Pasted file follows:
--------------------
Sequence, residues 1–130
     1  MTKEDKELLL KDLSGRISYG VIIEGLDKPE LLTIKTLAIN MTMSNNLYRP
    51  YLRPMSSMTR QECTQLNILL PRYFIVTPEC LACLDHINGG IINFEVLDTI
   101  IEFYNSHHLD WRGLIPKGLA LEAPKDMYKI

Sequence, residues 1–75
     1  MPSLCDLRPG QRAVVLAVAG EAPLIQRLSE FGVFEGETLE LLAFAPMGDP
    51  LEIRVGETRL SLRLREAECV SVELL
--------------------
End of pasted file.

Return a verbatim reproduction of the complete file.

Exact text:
Sequence, residues 1–130
     1  MTKEDKELLL KDLSGRISYG VIIEGLDKPE LLTIKTLAIN MTMSNNLYRP
    51  YLRPMSSMTR QECTQLNILL PRYFIVTPEC LACLDHINGG IINFEVLDTI
   101  IEFYNSHHLD WRGLIPKGLA LEAPKDMYKI

Sequence, residues 1–75
     1  MPSLCDLRPG QRAVVLAVAG EAPLIQRLSE FGVFEGETLE LLAFAPMGDP
    51  LEIRVGETRL SLRLREAECV SVELL